It's early days, but the jury is very much still out on this new Conservative health team, writes David Pink, chief executive of the UK Council for Psychotherapy.
The health secretary Jeremy Hunt set out his priorities this week, as Conservatives gathered for their annual conference in Birmingham.
Mr Hunt gave priority to trying to improve our survival rates for major diseases. While laudable, it sits oddly as a priority given that the biggest task of the NHS in the twenty first century is not curing disease but helping people to live with and manage long-term conditions. This is as true for cancer as it is for coronary heart disease, diabetes and many mental health conditions.
Mr Hunt placed a valuable emphasis on ensuring that quality of care is given the same priority as quality of treatment. Within this context though it was unfortunate that little mention was made of the critical importance of psychological wellbeing. For those seeking treatment for mental health issues the quality of care IS an integral part of the quality of treatment: the experience of being listened to, understood, supported and cared for as critical as any particular treatment pathway that is followed.
And, while all eyes were on Conservative conference, in parliament the Conservative health minister Earl Howe this week admitted that government spending on mental health services was being cut in real terms. Speaking in a House of Lords debate on Monday night Earl Howe claimed it “quite an achievement” that the cut to mental health budgets was so small given the huge cost pressures on the NHS.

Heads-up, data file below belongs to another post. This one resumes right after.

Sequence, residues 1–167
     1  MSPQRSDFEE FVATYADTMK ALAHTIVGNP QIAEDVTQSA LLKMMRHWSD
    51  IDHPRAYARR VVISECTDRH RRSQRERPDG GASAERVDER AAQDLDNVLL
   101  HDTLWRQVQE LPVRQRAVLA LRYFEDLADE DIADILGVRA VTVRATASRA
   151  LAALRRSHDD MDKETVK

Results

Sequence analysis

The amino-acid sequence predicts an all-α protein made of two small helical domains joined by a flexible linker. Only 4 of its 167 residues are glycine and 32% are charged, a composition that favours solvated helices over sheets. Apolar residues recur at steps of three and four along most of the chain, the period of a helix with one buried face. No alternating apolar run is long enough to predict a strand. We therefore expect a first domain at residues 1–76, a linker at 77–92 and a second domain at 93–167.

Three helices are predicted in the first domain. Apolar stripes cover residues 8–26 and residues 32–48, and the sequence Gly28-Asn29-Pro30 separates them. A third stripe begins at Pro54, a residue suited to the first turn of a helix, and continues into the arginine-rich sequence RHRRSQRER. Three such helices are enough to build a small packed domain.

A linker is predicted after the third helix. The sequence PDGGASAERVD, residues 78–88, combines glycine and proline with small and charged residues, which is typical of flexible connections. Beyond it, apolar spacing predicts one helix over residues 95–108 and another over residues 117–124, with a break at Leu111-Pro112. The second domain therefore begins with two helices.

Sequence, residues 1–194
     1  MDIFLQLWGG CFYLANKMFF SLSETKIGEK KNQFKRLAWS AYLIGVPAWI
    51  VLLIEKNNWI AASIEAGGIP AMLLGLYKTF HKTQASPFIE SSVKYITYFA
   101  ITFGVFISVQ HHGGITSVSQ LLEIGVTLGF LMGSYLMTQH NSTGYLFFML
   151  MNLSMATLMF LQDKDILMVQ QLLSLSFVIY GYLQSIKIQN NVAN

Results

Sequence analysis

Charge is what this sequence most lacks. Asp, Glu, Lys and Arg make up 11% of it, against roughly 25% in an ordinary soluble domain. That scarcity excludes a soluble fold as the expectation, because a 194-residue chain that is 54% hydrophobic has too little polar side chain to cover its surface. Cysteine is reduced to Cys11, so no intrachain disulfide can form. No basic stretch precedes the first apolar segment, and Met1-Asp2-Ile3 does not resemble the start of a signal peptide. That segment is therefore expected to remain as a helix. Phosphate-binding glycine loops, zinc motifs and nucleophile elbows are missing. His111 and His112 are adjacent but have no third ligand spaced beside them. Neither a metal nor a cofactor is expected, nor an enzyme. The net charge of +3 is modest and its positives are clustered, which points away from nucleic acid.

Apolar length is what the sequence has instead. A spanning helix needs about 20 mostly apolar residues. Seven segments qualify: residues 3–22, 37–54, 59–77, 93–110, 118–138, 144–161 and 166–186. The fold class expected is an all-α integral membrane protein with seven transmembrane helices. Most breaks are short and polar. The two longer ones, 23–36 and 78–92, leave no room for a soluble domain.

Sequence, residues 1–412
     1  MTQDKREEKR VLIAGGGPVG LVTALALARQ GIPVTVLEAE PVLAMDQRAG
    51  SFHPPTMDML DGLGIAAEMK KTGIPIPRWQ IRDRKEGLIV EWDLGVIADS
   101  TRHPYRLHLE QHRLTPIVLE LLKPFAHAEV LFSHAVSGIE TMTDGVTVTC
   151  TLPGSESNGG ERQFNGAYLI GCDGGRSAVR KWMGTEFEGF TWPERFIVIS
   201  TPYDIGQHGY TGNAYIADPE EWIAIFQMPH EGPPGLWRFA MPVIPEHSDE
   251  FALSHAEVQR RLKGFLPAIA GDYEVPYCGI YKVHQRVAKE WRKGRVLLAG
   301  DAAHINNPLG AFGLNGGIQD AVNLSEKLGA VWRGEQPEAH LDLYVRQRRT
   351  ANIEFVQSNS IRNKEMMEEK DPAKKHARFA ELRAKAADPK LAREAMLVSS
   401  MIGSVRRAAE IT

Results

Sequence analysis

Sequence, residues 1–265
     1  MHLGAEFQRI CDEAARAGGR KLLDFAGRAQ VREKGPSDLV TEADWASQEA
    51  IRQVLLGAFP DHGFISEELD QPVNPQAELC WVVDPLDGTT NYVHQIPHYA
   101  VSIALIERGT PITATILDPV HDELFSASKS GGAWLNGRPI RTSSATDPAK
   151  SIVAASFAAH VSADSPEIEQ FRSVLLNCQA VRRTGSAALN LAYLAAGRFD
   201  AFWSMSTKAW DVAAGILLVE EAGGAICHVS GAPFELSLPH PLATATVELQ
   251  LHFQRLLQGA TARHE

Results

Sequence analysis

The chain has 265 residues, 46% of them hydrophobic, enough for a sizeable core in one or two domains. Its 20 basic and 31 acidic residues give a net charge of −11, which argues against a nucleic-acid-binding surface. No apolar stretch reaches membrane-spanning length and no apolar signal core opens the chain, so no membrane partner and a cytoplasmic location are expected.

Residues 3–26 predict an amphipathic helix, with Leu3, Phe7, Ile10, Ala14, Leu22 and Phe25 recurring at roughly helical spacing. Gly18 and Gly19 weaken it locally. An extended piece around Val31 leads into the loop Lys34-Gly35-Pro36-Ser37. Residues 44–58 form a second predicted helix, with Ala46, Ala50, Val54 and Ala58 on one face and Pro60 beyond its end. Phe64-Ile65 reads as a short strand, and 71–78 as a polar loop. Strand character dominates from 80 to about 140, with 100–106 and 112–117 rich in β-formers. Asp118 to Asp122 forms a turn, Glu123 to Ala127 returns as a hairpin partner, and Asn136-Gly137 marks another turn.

This is a scandal. Although the Conservatives hold fast to the Prime Minister’s commitment that the overall NHS budget will be protected, it makes no sense for mental health services to be suffering cuts. As a recent LSE report powerfully pointed out, mental illness accounts for a quarter of the total disease burden on the NHS, yet it receives only 13 per cent of health funding.
Improving the psychological wellbeing of the population must be a top priority for the government. Achieving this will save the government money with more people in work, fewer on benefits and reduced pressure on other parts of the NHS. Mental health cannot continue to be a ‘Cinderella service’ in a twenty first century health system.
Mr Hunt told us this week that as health secretary he wanted to see less people die of curable diseases. But, he did not tell us whether he thought it was ok for community and mental health services to suffer larger cuts so that surgery and chemotherapy can be protected.